7. The need to move towards a community-based, multi-disciplinary team approach to the management, organization and delivery of services, especially in primary care. Levels of services must be sufficient so that the burden of care does not fall on families, mainly women.
8. An accountable health care system through democratic participation and transparent governance at all levels.
9. The recognition that health care workers are critical to the effective operation of the health care system and that decent wages and working conditions are essential to high quality care.
We come together to commit to ensuring that governments throughout Canada renew their commitment to protect and expand Canada's public health care system to meet the present and future needs of all people living in Canada, based on the principles (public administration, universality, comprehensiveness, accessibility and portability) and conditions (no extra billing or user fees, or queue-jumping) of the Canada Health Act. Regardless of where we live, it is now imperative to reaffirm the social values we all share. These values must guide our collective choices for future of health care. What stands between Medicare and its destruction are the peoples of Canada. Future generations are depending on our vigilance.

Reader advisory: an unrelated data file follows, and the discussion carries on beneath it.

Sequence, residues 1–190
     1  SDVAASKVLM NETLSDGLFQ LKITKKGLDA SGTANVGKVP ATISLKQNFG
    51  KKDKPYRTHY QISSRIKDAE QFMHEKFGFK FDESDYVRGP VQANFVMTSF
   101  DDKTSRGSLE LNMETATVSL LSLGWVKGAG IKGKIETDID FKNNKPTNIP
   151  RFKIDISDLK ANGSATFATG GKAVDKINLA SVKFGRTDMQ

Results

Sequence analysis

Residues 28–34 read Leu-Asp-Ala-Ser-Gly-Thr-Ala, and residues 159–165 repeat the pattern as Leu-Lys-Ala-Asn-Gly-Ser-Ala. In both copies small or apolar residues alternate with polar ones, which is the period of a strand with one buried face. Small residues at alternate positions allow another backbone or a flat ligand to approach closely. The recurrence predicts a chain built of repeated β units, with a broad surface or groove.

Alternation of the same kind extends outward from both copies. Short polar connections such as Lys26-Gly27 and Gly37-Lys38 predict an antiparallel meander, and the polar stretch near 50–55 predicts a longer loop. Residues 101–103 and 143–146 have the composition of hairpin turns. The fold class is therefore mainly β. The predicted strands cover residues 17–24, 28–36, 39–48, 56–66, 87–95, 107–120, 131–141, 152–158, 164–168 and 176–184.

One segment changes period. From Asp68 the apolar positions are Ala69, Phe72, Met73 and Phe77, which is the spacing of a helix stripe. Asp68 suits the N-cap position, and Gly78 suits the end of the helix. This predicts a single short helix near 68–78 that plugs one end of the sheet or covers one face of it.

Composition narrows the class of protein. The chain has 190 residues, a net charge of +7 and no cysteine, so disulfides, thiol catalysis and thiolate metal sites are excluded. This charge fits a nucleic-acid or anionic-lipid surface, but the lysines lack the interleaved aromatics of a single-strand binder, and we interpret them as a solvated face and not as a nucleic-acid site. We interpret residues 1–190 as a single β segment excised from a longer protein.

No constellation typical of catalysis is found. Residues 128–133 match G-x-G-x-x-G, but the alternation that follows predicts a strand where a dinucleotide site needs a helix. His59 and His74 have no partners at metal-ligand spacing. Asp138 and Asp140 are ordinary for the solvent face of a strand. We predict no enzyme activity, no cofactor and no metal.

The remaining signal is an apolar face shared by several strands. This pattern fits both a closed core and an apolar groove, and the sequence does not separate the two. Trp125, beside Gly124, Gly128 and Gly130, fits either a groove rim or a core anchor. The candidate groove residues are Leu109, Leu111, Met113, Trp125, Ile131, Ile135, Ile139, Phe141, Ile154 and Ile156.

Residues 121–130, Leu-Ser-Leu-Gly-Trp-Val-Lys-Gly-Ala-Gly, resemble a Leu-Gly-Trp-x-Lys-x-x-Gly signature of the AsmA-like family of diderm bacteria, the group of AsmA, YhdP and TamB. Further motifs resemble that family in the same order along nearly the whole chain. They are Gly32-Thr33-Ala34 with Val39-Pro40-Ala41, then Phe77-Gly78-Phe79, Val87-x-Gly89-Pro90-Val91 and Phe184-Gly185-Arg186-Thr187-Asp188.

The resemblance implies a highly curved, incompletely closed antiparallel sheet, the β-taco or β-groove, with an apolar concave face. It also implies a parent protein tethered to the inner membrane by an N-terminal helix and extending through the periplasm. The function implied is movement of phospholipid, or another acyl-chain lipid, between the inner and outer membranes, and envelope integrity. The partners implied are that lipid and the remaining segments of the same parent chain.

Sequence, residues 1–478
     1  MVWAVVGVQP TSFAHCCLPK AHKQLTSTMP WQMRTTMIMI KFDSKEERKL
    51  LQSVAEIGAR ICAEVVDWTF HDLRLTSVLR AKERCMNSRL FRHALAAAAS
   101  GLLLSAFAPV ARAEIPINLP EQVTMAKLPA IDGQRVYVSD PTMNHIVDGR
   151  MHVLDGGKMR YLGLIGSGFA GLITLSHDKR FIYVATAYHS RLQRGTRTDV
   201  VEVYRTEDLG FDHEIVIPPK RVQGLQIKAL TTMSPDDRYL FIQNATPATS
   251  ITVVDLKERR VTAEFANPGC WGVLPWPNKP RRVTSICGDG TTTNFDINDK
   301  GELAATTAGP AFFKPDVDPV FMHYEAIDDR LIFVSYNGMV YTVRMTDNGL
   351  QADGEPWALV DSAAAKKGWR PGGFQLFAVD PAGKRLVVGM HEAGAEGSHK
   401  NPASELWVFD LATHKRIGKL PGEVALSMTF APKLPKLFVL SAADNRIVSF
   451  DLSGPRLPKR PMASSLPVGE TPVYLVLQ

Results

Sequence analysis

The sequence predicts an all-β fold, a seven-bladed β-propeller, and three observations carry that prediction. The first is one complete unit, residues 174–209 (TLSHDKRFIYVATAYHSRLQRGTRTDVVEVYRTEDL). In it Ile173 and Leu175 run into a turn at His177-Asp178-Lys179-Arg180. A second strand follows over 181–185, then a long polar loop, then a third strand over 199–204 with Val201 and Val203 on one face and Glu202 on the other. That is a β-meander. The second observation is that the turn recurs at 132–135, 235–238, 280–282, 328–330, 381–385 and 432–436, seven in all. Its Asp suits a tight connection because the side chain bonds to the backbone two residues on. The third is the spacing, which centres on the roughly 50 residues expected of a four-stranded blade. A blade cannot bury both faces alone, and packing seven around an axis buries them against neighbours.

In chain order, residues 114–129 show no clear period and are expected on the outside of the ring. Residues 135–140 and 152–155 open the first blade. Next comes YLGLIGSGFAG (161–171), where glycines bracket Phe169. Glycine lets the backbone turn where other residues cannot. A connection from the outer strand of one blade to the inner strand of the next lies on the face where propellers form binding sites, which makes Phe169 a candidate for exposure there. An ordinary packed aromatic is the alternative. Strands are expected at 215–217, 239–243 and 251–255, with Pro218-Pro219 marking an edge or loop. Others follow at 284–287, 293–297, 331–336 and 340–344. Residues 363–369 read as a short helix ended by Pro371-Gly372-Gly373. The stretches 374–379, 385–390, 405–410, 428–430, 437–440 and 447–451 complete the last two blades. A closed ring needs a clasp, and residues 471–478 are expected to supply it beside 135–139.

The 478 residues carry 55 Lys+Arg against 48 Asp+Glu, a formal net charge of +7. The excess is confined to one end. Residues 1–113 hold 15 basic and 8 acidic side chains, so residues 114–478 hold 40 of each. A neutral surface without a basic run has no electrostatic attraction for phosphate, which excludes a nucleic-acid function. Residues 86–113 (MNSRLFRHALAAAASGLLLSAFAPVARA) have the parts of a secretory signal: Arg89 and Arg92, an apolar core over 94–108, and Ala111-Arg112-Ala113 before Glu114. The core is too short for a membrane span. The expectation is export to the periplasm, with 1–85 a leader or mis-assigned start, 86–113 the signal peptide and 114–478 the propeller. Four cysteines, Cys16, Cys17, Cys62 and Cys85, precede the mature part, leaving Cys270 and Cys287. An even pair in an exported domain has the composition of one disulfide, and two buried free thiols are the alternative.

Panel 2 — The way forward: Integrated and continuing care
•Canadian Health Coalition •Alternatives North •B.C. Health Coalition •Canadian Doctors for Medicare •Canadian Federation of Nurses Unions •Canadian Labour Congress •Canadian Union of Public Employees •CAW-Canada •Citizens for Public Justice •Coalition for Seniors and Nursing Home Residents' Rights •Communications, Energy and Paperworkers Union of Canada •Congress of Union Retirees of Canada •Council of Canadians •Friends of Medicare Alberta •Health Coalition of Newfoundland and Labrador •Health for All •Health Providers Against Poverty •Inter Pares •MacKillop Centre for Social Justice •Manitoba Nurses Union •Medical Reform Group •Médecins québécois pour le régime public •Mnaamodzawin Health Services •National Pensioners and Senior Citizens Federation •National Union of Public and General Employees •New Brunswick Federation of Union Retirees •New Brunswick Health Coalition •New Brunswick Nurses Union •Newfoundland & Labrador Nurses Union •Nova Scotia Nurses' Union •Ontario Health Coalition •Ontario Nurses' Association •Positive Living BC •PEI Health Coalition •Prince Edward Island Nurses' Union •Public Health Social Justice Collective •Public Service Alliance of Canada •Registered Nurses' Association of Ontario •Saskatchewan Health Coalition •Saskatchewan Union of Nurses •Société des enseignantes et des enseignants retraités francophones du Nouveau-Brunswick •Students for Medicare •United Nurses of Alberta •United Steelworkers
Related individuals, organizations and significant events If your organization would like to sign on to this statement, please send your information to firstname.lastname@example.org by December 31, 2011.